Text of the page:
Effects of Parental Alienation on Your Child
What is Parental Alienation? Nowadays, Parental Alienation (PA) is being discussed by experts as one of the worst forms of child abuse. Whether mild or severe, alienating your children from the other parent may take a huge psychological and emotional toll on them. It may even turn into a serious mental condition, based on a false belief that the alienated parent is dangerous and unworthy. Below are some of the serious effects of parental alienation:
- Develop self-hatred led by the belief that the alienated parent does not love them or want them.
- Grow up with low self-esteem and low confidence. Children understand that they are half of each parent. To make a child hate the other parent is to make a child feel that half of her is not worthy of love.
- Develop lack trust. They may start thinking negatively about the people around them and wonder if those people can really be trusted or relied upon.
- Suffer from severe depression. Their depression may be rooted in feelings of being unloved by one of the parents, and from separation from that parent, without being able to mourn the loss of the parent or to even talk about them.
- Hinder cognitive developments. Your child may perform poorly at school.
- Experience severe guilt or remorse related to isolating, depriving or betraying the alienated parent.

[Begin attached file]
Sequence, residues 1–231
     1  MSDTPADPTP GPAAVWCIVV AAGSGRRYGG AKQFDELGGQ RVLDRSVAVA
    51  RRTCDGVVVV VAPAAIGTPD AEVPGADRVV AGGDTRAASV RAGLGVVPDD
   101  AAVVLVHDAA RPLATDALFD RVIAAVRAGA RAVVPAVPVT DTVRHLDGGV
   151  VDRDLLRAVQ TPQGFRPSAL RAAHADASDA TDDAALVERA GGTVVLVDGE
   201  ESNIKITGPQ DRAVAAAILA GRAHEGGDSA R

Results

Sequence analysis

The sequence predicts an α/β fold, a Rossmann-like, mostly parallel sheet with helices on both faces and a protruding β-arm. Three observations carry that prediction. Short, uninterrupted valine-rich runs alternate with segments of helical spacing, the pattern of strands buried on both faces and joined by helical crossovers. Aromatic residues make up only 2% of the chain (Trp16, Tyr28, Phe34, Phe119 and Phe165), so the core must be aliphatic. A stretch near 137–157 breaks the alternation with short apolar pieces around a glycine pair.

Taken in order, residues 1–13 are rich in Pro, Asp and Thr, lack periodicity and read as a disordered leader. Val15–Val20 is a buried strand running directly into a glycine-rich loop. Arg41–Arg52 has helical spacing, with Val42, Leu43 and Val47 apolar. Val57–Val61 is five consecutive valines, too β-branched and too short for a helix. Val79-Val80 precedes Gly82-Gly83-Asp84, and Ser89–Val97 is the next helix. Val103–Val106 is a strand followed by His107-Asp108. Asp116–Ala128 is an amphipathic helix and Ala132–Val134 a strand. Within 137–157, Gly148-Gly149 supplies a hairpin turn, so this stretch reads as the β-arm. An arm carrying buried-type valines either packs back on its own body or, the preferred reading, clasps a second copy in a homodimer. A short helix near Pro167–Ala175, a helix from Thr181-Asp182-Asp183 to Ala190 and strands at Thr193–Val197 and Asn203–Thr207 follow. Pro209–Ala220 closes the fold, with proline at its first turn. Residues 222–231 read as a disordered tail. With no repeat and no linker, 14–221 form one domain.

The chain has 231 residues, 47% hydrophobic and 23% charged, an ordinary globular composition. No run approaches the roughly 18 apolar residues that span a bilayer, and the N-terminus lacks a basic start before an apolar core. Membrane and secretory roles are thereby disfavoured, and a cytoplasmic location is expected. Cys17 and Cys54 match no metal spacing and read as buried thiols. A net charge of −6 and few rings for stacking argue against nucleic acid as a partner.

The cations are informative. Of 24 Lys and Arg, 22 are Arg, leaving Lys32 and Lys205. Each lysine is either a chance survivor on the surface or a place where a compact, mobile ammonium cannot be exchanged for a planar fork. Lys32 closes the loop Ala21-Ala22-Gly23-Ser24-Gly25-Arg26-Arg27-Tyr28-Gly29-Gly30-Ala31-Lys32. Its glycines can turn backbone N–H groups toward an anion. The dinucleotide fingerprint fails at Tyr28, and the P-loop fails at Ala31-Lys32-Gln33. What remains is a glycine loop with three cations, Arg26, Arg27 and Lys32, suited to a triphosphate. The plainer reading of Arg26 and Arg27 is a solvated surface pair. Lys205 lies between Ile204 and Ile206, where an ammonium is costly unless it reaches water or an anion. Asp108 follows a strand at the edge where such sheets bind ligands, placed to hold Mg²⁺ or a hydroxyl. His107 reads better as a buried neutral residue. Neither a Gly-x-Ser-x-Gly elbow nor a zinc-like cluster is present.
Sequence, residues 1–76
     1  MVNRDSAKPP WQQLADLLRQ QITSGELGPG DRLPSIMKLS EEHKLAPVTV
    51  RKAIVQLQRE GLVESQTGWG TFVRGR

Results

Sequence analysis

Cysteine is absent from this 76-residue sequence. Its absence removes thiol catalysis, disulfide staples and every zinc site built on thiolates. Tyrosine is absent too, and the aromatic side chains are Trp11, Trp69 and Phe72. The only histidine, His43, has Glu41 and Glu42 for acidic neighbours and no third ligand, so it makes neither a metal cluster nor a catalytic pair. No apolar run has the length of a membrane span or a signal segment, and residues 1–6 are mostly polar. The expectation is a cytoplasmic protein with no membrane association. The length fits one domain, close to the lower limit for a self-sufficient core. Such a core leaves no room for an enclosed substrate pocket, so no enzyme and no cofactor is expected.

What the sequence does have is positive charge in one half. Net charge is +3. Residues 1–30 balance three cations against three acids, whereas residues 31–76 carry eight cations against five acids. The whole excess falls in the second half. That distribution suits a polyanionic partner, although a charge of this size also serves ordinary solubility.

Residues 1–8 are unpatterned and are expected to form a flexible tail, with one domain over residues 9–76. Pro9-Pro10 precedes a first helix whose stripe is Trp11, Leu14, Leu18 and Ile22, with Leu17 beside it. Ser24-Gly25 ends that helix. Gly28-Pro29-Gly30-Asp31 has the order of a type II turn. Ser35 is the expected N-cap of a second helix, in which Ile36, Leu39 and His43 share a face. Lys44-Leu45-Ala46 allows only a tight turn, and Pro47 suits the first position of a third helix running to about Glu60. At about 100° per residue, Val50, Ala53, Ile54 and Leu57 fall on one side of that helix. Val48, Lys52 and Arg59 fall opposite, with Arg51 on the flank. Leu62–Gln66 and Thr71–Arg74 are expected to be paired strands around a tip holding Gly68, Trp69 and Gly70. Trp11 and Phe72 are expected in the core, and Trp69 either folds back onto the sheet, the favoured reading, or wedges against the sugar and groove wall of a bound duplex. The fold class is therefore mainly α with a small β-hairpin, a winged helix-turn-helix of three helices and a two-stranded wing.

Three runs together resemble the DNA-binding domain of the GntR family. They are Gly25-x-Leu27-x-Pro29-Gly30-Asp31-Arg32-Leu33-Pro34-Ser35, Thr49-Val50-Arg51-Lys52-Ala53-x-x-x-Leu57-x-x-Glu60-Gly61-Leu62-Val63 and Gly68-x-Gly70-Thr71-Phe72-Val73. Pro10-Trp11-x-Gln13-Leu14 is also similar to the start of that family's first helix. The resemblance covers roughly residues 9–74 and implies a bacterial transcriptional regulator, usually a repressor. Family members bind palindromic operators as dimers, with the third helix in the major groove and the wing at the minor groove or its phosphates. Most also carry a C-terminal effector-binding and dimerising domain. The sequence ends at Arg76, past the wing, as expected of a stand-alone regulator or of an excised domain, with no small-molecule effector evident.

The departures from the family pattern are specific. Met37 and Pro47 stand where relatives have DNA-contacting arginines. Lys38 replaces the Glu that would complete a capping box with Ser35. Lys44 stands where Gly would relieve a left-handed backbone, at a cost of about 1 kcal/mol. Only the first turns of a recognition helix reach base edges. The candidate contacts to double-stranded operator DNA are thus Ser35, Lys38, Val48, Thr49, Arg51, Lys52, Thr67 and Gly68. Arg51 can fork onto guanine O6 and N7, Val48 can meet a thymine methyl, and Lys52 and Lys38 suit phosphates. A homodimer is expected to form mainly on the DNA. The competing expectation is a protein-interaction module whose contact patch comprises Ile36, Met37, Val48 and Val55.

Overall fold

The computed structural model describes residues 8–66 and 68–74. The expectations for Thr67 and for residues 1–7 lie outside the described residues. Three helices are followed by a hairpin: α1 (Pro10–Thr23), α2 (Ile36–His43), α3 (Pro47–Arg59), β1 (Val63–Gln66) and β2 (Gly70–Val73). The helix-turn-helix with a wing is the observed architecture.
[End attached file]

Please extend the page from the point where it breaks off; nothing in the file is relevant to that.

- May lean towards substance abuse or other forms of addiction as they grow up being depressed.
- Research shows that alienated children typically are at high risk of becoming alienated from their own children once they become parents.
Overcoming Parental Alienation (How to Stop Parental Alienation): Things You Should be Aware of As a Parent
The most tragic component of a toxic divorce is parental alienation. Parental alienation is devastating not only for the alienated parent but also for the child. A study by Fidler and Bala (2010) states that about 11-15% of all divorces involving children involve parental alienation issues. A divorce between parents is already quite frightening for children as the family structure begins to change dramatically. This is a change that they have no control over. And this is the time they need their parents’ love and support the most, to cope with the new situation and with the changed lifestyle. To make things easier on them and to stop parental alienation from taking place in the first place, there are certain things that you can follow as parents:
- Do not involve your children in the divorce proceeding, custody battle or the litigation in general. Keep them as much away as possible.
- Respect the rights of the other parent. Unless otherwise directed by the court, understand that it is his fundamental right as a parent to have access to his kid and to offer him love and affection. At the same time, it is important for you to reckon that your child also needs both parents’ love and care for a healthy upbringing.
- Remind your child of the fun times that you all have had together.
- Never speak badly of the other parent to your child.
- Love your child unconditionally. Always tell that you love them and will always be there for them no matter what. Make them feel special.
- Don’t try to win over the other parent with enticements (toys, trips, rule-breaking etc.).
- Never blame your child for anything that happened between you and the other parent.
- Always be on-time with your visitations and don’t cancel your times altogether.
- Try to work things out and try to co-parent as much as possible. Always work for the best interest of your child.
To know more about parental alienation, check these links: Parental Alienation Awareness Organization USA (PAAO USA), Parental Alienation Support.